As long as you are grateful and in a state of awe, you will be unlikely to neglect it. You will be much more likely to keep it repaired than to neglect it. You will be much more likely to keep it repaired, sparkling and clean, healthy and vibrant, when the you inside looks with amazement and wonder, views with awe, every inch of this universe knowing there are no mistakes. If your hair chooses to grow in your ears, on your shoulders, and in your nose, rather than on your head, then so be it! If your skin loosens around your bones, then applaud the loosening process. Refuse to cling to the flesh as though it were going to last forever. Each body is gripped by death, and yet the paradox remains; within that same body dwells the immortal self. See your body as the miraculous, sacred perspective that Walt Whitman cited so frequently in his magnificent poetry.

 

Here are some suggestions for applying the wisdom of Walt Whitman’s observations to your daily life:

 

Give thanks every day for this temple that houses your soul. Give verbal appreciation for your life, your eyesight, your pancreas, every organ, every inch of your body. Simply say, “Thank you God for this always changing and always perfect place for me to observe from.” Become more aware of how you choose to treat this miracle of a body. Talk to it as you give it exercise, good food, and generous amounts of fresh water. “I bless you, wondrous body of mine. By being more aware of what a perfect creation you are, I will avoid mistreating you.”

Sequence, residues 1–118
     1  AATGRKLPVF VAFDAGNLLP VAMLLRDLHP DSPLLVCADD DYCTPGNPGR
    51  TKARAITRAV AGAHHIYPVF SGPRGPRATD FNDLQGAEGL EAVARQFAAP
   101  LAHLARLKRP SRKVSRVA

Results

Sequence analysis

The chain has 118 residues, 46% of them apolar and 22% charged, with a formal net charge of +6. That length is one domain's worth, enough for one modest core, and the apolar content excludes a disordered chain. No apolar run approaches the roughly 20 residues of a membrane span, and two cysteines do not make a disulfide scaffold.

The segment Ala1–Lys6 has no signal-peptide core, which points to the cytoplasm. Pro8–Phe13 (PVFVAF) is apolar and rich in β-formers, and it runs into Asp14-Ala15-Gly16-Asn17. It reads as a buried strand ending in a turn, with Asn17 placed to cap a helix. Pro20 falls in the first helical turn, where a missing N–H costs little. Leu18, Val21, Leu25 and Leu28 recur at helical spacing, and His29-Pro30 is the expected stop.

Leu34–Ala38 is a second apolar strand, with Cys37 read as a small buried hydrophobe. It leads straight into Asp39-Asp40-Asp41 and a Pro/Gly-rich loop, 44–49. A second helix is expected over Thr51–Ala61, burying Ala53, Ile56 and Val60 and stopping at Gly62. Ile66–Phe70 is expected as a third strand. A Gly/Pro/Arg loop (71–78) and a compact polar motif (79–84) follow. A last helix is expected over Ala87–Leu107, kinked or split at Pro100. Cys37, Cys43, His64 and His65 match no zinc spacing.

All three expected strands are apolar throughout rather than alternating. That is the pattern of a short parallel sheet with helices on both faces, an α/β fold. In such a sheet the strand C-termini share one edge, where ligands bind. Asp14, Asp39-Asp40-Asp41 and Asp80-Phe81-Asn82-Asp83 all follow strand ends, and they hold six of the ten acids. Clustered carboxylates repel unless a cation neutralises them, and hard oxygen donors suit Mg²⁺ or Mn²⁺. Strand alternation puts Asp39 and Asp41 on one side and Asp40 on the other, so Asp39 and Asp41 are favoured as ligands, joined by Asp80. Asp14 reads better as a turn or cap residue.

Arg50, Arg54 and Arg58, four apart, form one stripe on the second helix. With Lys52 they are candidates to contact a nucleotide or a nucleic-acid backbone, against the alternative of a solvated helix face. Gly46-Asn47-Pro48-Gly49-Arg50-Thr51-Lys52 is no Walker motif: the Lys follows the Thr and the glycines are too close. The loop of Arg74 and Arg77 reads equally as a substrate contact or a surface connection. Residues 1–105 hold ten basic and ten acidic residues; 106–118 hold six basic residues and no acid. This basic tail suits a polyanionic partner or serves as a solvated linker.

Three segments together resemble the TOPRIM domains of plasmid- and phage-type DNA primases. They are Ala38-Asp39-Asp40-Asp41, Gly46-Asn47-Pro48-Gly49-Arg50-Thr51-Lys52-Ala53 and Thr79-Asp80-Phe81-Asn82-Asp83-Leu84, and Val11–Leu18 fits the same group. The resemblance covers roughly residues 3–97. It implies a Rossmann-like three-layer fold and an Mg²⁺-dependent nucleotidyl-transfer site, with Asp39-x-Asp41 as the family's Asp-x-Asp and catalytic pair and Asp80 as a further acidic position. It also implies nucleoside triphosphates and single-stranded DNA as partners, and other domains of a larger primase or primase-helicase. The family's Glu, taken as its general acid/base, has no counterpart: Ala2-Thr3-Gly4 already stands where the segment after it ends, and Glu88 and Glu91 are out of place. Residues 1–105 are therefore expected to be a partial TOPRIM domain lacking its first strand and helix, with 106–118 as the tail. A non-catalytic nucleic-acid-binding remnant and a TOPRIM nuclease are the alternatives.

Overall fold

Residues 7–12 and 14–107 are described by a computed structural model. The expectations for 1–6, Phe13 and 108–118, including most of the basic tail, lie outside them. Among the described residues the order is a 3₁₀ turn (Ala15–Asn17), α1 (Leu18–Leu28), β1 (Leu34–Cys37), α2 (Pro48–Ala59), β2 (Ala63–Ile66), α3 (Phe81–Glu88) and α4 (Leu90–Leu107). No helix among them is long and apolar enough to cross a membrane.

-Wayne Dyer

 

FOCUS ON EXERCISE: Persistent daily exercise is a must if one is going to defeat almost any ailment, and especially multiple sclerosis. In retrospect, exercise and meditation are probably the two most important aspects of my own recovery.

 

Frannie's story generated so many orders for the Yoga for MS DVD that I had to reorder a supply, so I have a few more in stock.  If you wish to order and you live outside the US, please note on the order form the extra $5.00 for shipping. I mailed a number of orders to various countries in Europe and Asia last week, and was astounded that the shipping cost for International shipping had gone to $13.50 US.  See Order Form HERE:

 

I hope something included this month helps each one of you on your own journey to wellness. Until next time, thank you all for playing such an important role in my life. And please remember that smiles, laughter, and love are the most potent "medicines" we have. They can be liberally administered by family and friends, and the side effects are all  positive.

 

One more thing.  Please forward this note to a friend who may benefit from this information.

 

Namasté.

Betty

PLEASE NOTE:   I AM NOT A MEDICALLY TRAINED PERSON, AND I DO NOT GIVE MEDICAL ADVICE.  BUT I HAVE BEEN A VERY SERIOUS STUDENT OF MULTIPLE SCLEROSIS FOR MANY YEARS, AND I HAVE DEVELOPED A PROGRAM THAT HAS KEPT ME SYMPTOM FREE FOR A LOT OF YEARS NOW SINCE PRIMARY PROGRESSIVE MS FIRST MADE ITS APPEARANCE IN MY LIFE.

TO BETTY'S HOUSE